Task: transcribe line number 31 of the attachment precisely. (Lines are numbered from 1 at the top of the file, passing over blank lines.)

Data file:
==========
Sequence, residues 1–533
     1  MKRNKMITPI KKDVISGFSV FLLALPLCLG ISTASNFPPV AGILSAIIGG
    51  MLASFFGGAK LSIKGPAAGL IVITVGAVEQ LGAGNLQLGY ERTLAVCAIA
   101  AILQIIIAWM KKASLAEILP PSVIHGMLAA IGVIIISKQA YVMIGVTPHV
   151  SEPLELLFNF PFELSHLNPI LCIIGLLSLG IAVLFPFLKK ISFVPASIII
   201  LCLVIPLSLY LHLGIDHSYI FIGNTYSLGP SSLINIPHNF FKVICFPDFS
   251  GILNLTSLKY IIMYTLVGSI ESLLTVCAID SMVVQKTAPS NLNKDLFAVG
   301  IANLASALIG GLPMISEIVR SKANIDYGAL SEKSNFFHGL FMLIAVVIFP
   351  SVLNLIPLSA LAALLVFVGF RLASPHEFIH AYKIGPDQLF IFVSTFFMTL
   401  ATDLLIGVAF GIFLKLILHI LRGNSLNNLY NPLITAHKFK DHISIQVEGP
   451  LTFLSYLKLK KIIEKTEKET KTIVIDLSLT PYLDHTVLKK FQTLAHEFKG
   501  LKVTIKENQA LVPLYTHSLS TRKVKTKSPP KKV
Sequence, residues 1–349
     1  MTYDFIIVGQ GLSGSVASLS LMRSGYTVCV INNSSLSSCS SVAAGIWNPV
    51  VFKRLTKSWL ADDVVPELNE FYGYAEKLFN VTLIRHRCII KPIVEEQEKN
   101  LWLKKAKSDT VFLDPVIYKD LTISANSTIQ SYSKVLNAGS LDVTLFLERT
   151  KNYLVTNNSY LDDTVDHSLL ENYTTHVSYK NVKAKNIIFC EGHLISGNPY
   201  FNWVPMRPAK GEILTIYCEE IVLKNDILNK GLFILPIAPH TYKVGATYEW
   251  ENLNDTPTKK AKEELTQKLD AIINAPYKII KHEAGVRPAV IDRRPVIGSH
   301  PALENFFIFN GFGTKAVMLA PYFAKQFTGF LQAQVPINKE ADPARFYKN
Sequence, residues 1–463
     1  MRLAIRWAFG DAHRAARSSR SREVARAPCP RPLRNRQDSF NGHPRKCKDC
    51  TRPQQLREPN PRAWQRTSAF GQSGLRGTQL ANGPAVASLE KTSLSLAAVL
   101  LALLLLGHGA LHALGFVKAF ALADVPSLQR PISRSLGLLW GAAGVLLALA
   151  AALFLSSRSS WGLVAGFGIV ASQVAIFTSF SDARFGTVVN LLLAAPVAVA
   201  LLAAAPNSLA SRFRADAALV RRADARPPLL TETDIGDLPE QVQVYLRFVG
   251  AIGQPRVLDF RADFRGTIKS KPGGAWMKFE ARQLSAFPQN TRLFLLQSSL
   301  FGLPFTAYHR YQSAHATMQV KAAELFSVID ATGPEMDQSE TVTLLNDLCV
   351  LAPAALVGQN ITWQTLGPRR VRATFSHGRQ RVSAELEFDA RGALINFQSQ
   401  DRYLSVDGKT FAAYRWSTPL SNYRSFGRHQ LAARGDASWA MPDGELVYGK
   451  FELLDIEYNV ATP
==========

   451  FELLDIEYNV ATP